Stepping forward to 1914 and 1919, an analysis of sheets of revenue stamps, the offset printed Cordials, Wines, Etc. 8 cent (wmk. 191R) and the 2 cent Proprietary revenue, show very similar distributions and standard deviations to those shown in Figure 2. There appears to be little difference in the rotary perforation of these sheets.

The development of the electric eye perforation process in the 1930s had a major impact on waste reduction, reducing spoilage from approximately 35% to about 1% in 1940 using the electric eye perforators (Williams and Williams, 1971). The electric eye perforator consisted of a 1-way perforator followed by a second set of wheels fitted with bars and pins arranged similarly to the paddle wheel of a steamboat. This second set of wheels spanned by bars created perforations across the sheet. Since both directions of perforation were punched in a single pass of the sheet, the electric eye perforator was a so-called “2-way” perforator. Figure 3(a) shows the analysis of a sheet of experimental electric eye perforation of the 1935 Washington 2 cent stamp (plate no. 21149). There is a difference in the radius distributions in the two different directions, and there is a large difference in the hole spacing distributions because of the different gauges (10.5 x 11.2). The HFE distributions are similar for the two directions on this sheet, and both exhibit a moderate amount of skew due to roughness of the hole cut.

Figure 3(b) advances 15 years to an example of electric eye perforation of the1950 Statue of Freedom stamp. The radii and the hole spacings have narrower distributions. Compared to previous examples, the hole cuts are sharper as shown by smaller peak distribution values of approximately 10 for the HFE. Five electric eye perforators were built under contract in 1941 by the Harris Seybold Co. (Williams and Williams, 1971). These were manufactured under very exacting conditions with specially built machines operated in an air conditioned room in the Cleveland factory. Experts who have witnessed their manufacture reported that they required the closest-tolerance production machining being done in the United States (The U.S. Bureau of Engraving and Printing, 2013b). This new generation of perforators at the BEP accounts for the reduced variation in the perforation. Similar results were found analyzing a sheet of the 1960 Communications for Peace stamps.

Figure 3. Similar plotting of the perforation characteristics determined from sheets of stamps for the following U.S. stamps: (a) The experimental electric eye perforated 2 cent Washington stamp of 1935; (b) the 1950 Statue of Freedom stamp; (c) the Van Eyck Christmas stamp of 1968; and (d) the 1975 Prang Christmas stamp perforated in-line on the Andreotti press. Both (c) and (d) used in-line rotary harrow perforation.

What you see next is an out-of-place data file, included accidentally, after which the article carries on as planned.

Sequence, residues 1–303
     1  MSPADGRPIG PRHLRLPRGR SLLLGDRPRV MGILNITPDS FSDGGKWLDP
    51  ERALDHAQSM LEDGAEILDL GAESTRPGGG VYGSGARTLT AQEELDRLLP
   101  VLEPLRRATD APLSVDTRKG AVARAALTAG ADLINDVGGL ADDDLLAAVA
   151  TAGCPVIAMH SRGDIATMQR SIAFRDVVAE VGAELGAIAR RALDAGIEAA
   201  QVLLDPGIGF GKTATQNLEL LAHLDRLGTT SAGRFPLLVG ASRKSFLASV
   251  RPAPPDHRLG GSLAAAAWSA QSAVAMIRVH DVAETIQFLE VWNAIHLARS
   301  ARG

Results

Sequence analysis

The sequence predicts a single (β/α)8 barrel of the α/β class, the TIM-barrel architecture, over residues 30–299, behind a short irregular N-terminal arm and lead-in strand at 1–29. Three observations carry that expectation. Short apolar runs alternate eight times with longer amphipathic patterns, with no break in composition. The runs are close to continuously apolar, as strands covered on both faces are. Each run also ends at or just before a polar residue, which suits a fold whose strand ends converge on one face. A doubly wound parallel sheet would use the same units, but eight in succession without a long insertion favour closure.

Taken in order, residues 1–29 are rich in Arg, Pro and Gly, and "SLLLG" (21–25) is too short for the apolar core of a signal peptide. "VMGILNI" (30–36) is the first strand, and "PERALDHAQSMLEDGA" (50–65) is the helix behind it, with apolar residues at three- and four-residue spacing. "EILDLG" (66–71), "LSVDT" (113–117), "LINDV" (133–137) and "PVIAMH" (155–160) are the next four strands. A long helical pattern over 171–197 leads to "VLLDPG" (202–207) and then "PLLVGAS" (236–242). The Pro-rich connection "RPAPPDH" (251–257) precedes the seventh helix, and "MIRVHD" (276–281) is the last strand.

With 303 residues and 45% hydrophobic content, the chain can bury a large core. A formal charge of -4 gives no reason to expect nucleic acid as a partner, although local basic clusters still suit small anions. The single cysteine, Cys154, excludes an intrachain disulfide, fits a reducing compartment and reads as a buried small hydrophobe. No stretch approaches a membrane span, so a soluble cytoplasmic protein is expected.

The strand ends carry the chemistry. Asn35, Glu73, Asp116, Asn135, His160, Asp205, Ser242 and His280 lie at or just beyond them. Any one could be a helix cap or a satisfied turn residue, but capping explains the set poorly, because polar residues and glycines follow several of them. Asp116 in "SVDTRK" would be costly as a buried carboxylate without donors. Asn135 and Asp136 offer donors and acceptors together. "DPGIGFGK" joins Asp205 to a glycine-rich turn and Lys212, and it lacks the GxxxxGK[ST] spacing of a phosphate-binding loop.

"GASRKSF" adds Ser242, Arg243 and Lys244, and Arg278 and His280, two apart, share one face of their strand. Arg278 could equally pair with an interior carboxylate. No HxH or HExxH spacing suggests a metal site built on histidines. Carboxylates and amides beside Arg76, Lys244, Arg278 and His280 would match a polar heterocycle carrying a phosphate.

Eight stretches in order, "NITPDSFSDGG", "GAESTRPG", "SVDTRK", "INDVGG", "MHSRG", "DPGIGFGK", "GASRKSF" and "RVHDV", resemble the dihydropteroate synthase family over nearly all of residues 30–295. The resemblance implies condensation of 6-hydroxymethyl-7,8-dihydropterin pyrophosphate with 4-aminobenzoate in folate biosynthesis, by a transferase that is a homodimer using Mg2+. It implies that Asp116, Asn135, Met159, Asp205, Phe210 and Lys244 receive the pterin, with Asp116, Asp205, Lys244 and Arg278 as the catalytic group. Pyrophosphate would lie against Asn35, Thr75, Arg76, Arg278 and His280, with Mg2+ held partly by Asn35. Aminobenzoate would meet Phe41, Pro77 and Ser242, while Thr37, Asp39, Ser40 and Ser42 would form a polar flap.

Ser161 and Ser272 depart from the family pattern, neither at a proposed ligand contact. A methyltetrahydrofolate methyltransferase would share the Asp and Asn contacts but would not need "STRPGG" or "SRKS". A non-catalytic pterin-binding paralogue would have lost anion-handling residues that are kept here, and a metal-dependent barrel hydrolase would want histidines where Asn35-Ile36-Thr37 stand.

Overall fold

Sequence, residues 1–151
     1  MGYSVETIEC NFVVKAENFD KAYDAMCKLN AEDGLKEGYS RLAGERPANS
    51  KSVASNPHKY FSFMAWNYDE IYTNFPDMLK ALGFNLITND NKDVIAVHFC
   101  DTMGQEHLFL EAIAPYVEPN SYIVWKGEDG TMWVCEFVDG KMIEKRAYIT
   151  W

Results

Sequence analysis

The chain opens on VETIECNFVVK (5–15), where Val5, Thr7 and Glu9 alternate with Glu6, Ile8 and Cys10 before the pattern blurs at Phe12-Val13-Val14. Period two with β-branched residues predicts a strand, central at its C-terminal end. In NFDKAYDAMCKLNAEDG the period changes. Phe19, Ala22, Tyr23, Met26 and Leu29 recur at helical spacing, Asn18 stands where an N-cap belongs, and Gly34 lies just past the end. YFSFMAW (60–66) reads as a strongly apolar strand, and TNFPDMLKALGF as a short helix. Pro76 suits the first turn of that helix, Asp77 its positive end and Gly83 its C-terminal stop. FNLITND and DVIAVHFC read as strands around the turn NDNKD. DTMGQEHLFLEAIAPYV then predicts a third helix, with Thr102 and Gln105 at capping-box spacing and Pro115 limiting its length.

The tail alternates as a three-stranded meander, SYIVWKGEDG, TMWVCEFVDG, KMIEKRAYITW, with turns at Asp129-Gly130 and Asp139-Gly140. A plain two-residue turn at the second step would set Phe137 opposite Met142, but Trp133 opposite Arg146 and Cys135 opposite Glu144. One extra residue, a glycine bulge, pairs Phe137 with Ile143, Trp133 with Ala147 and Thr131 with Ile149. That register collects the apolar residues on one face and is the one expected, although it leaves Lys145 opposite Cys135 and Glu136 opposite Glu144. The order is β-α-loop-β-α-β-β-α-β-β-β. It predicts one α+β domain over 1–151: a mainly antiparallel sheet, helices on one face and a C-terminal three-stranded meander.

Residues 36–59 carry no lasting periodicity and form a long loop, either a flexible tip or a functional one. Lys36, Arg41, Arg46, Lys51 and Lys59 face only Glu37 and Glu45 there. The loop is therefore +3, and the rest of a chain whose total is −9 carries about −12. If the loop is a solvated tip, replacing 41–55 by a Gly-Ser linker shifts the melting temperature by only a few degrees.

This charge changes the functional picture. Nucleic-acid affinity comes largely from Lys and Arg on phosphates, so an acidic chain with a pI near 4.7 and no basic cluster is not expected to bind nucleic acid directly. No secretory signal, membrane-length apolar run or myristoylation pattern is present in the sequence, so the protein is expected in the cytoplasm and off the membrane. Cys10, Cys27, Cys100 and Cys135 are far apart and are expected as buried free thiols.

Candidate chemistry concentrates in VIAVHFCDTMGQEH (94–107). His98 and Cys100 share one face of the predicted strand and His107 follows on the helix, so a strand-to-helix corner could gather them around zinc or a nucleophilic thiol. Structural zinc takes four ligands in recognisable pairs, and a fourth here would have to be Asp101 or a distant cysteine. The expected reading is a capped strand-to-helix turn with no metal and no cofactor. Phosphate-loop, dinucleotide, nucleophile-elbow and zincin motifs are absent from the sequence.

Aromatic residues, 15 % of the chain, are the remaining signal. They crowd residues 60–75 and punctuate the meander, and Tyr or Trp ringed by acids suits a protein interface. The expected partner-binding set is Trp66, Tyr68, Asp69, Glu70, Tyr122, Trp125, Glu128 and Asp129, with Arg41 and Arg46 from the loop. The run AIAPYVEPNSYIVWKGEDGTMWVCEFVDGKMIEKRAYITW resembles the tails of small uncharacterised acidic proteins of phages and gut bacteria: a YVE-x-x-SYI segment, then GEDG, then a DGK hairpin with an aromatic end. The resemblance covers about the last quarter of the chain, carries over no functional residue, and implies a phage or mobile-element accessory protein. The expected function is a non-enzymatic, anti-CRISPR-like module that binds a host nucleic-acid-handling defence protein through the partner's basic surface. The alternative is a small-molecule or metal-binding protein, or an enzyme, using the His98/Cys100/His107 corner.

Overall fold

In 1968 the BEP installed a new generation of press, the nine-color Huck press, which included in-line perforation. The perforation was of a rotary harrow design producing perfect corners on the stamps. The analysis of an example of the perforation from this press is shown in Figure 3(c) for the Van Eyck Christmas stamp of 1968. There is a significant reduction in the hole spacing and radius distributions. In-line rotary harrow perforation was added to the Andreotti press in 1975. Prior to this time, stamps printed on the Andreotti press were perforated off-line with a Seybold electric eye rotary web-fed perforator (Hotchner, 1989). One of the 1975 issues that was rotary harrow-perforated in-line with the Andreotti press was the Christmas card stamp featuring an early design by Louis Prang. This stamp is well known for being the first of the modern multiple perforation issues (Kitson, 1988). The example in Figure 3(d) shows the analysis of the rotary harrow-perforated variety of this stamp. The distributions of the radii and the hole spacing are similarly narrow. Median values of 8 or less show that the holes are sharply cut; however a few of the holes have some irregularities that result in a skewed scatter plot for a small portion of the data. The electric eye perforated 1975 Prang Christmas card stamps provided measurements similar to the electric eye perforated example in Figure 3(b). The L perforated stamps of this issue exhibited distribution widths more similar to the harrow perforated stamps in the horizontal direction, and distributions more like the electric eye perforated stamps in the vertical direction.

The demand by the BEP for contractors to meet ever smaller tolerances in the manufacture of perforation cylinders led to a shortage of bidders in the 1970s. For some time the only willing bidder for hand-crafted cylinder sets was an Italian firm, but with delivery times on the order of two and one half years. When it became clear that the Italian firm could not deliver harrow perforation cylinders for a large sheet of stamps with irregular sizes for a scheduled philatelic exhibition in Canada, the BEP turned to the National Bureau of Standard (NBS) for help. NBS agreed to take on the job on a best efforts basis, provided the BEP funded the effort. The tolerance specification was relaxed from the requested 0.001 inches to 0.002 inches, a tolerance NBS still considered beyond their current capabilities. NBS assembled a team that produced a pair of the cylinders to the 0.002 inch tolerance just in time for the BEP to produce and deliver half of the promised sheets on the first day of the exhibition (NIST, 2001; Bergstrom, 1984). From the descriptions in these references it appears that the exhibition sheet was for the 1978 Canadian International Philatelic Exhibition in Toronto. [6] Figure 4(a) shows measurements from one of these sheets. If this was the product of an early pilot effort by NBS, it appears that they achieved results very similar to the quality of the previous rotary harrow perforations shown in Figures 3(c) and 3(d).